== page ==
Gene Therapy on the Horizon?

Cancer. Cardiovascular disease. HIV. Cystic Fibrosis. Hemophilia. Can you imagine a world in which these diseases could be controlled and potentially eradicated? Gene therapy is an innovative technique that creates a promising future for the cure of these devastatingly destructive diseases.  

Gene therapy is a relatively new area of science, on the spectrum of scientific discovery, which classically involves using healthy genes to replace mutated genes that cause disease. A second method for gene therapy, non-classical gene therapy, focuses on inhibiting or repairing mutations.  Gene therapy is used on two types of cells:  germ cells and somatic cells. Germline gene therapy involves inserting healthy DNA fragments into germ cells (sperm and egg cells) so that a patient’s children do not inherit a targeted genetic defect, thereby eliminating the mutation in future generations. However, due to various ethical concerns (e.g. the children who would be affected by germline therapy cannot decide if they want the treatment), the U.S. government does not sponsor research on germline therapy.  In contrast, somatic gene therapy receives federal funding because it does not prevent mutated genes from being passed to offspring, as it does not affect germ cells, but rather it targets somatic cells in the body such as cells from the bone marrow.

The concept of classical gene therapy appears very straightforward:  simply insert a new gene to replace a mutated one. Unfortunately, the process is a bit more sophisticated. A functional DNA fragment is carried via a vector (e.g. virus or plasmid) which is either injected into the body area with the mutated cells, or is injected into cells that have been removed from the body and will then be transplanted back into the body after the injection. Classical gene therapy has recently been given recognition in the news for its success in treating Leber Congenital Amaurosis.  

Leber Congenital Amaurosis (LCA) is a rare inherited retinal disease that affects approximately 2,000 people in the United States.  A fully-functioning retina enables visual recognition by translating light into signals that are sent to the brain. However, individuals with LCA are born with a mutation in a gene which causes retinal dysfunction. There are several types of LCA so symptoms generally vary, but patients afflicted by LCA often have severe vision impairment from birth. Patients who are not completely blind are generally farsighted and have low visual acuity permitting them to perceive only general stimuli such as hand motions and bright lights. Surprisingly, people with LCA generally have seemingly normal eyes upon initial examination, hence the term amaurosis, meaning loss of vision without evident change to the eye.  An electroretinogram, an eye test used to determine how the retina responds to light, or a genetic screen are needed for a more definitive diagnosis.  Once a diagnosis has been made, treatment options primarily include low-visual aids or orientation and mobility training so those afflicted with this disease can learn to navigate independently. A new treatment option called Luxturna may become the first gene therapy treatment to target this inherited disease.  The treatment involves injecting specially engineered viruses into the eye.  The viruses carry a correct copy of the mutated gene to the retinal cells.  Although the treatment does not restore 20/20 vision, patients who participated in the clinical trial reported life-altering improvements in visual acuity, perception of color, night vision, and their ability to navigate.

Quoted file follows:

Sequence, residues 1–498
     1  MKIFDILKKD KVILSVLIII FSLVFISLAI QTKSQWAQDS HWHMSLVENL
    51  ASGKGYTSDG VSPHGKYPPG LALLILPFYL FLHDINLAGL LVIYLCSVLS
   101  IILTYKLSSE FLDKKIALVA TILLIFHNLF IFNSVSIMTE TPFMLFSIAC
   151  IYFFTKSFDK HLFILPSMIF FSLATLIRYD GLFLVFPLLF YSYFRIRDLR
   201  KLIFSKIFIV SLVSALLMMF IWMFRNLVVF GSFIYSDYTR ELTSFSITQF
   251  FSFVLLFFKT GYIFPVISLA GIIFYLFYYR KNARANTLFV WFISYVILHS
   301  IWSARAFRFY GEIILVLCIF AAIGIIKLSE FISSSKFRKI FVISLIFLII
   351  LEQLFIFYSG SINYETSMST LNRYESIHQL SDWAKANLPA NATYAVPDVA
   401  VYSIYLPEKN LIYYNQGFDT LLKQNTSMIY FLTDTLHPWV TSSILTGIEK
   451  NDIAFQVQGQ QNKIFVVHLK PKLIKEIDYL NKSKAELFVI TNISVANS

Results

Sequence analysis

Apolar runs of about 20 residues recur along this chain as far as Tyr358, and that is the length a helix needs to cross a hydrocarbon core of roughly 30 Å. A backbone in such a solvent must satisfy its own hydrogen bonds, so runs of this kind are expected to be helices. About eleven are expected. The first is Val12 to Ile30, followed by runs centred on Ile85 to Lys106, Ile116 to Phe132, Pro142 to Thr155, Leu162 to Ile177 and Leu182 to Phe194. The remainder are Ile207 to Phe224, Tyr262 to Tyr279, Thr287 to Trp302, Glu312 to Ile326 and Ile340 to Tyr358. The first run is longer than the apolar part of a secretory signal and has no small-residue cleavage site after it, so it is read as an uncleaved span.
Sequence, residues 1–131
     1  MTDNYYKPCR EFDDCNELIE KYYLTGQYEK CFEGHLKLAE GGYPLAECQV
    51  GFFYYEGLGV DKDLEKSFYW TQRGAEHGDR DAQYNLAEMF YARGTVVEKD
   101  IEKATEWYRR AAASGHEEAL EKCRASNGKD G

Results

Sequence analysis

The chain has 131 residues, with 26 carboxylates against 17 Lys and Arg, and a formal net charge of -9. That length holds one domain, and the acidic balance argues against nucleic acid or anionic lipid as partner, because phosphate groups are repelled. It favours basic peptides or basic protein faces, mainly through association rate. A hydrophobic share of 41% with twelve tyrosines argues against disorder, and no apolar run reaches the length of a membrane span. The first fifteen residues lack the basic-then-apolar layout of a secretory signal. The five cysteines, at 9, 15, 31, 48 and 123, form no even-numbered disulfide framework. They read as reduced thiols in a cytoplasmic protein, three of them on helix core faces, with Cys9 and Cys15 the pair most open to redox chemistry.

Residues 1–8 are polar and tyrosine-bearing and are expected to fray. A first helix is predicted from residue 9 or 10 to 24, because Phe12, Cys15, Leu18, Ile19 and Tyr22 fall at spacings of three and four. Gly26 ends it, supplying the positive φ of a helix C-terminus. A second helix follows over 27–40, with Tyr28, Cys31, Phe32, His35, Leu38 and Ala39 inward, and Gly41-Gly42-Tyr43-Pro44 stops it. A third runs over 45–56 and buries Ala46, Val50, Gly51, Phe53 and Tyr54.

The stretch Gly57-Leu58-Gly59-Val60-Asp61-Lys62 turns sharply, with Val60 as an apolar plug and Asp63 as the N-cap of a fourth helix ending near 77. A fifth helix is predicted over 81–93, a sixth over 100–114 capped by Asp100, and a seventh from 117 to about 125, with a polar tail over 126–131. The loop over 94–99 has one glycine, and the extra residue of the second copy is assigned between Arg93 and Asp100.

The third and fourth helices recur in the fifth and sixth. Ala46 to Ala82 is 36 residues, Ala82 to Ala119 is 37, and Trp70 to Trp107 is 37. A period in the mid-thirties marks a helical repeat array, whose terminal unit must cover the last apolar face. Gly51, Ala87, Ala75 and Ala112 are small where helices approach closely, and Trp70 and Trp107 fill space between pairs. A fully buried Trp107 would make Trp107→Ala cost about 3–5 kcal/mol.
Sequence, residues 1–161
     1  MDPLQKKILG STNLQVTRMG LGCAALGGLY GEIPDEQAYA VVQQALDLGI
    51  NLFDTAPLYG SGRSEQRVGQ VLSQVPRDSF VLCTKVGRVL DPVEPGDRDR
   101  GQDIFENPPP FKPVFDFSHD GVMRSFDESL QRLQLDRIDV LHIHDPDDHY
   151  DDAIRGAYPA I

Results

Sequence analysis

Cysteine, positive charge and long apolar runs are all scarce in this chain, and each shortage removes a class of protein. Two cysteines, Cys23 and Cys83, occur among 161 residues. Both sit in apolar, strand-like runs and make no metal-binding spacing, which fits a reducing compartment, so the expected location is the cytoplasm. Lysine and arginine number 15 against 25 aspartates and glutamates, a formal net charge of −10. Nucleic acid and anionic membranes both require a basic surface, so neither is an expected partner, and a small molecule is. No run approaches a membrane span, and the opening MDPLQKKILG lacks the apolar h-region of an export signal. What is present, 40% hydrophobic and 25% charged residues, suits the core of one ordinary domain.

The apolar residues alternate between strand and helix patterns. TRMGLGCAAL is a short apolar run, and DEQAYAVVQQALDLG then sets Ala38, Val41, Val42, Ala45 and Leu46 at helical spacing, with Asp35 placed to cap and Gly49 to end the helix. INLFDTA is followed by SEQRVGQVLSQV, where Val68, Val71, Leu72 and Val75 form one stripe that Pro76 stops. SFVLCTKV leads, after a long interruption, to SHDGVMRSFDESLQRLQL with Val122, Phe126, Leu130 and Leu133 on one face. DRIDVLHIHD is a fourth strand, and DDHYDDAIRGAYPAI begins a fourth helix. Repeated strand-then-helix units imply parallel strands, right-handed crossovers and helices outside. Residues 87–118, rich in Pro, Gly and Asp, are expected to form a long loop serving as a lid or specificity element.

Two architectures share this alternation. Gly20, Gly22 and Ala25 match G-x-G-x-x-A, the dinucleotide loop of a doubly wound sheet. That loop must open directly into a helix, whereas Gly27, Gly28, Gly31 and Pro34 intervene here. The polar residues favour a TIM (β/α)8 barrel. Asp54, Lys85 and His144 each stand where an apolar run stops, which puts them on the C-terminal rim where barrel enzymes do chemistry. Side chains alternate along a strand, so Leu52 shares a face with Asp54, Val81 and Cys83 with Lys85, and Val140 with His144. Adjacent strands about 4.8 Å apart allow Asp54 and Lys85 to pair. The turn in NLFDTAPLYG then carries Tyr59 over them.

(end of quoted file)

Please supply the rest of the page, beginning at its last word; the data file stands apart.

At this point you may be wondering why we do not see widespread benefits of gene therapy in many facets of medicine. First, gene therapy is still in the early stages of development. Although the use of functional DNA to modify genes was first suggested in 1970, nearly 20 years passed before gene therapy could be used on a patient - a four-year-old girl with a genetic disease that caused immunodeficiency and prohibited her body from fighting infection. The child showed significant improvement after the treatment and was eventually able to attend school without worrying about developing severe infections. The success of this treatment promoted additional gene therapy clinical trials in the 1990’s. Unfortunately, in 1999, a patient died while participating in a clinical trial for gene therapy.  This publicized tragedy severely impacted the field as many gene therapy trials were put on hold while new regulations were put in place. Finally, in 2003 the dark cloud was lifted when the first gene therapy was approved to treat head and neck cancer in China. However, most of the research that has made it to clinical testing is ongoing and has not yet been granted FDA approval.

Although there seems to be astounding benefits to gene therapy, like many medical treatments there are risks. When researchers inject viruses that carry a functional copy of a mutated gene, there is the risk of severe autoimmune response, such as an infection, or even tumor generation if the newly implemented genes are inserted at the wrong location in the DNA. Therefore, you can probably understand why researchers spend countless hours creating an effective treatment that maximizes benefits and minimizes risks. Naturally, the FDA is also extremely careful in granting their approval.  Finally, we do not see widespread impact of gene therapy because is it extremely cost prohibitive. For example, the new gene therapy treatment for LCA is estimated to cost nearly one million dollars. Prices for other gene therapy treatments are similarly high in cost.  

Although the promise of gene therapy gives us hope for a future in which disease is more easily eradicated, there is still a lot of work to be done.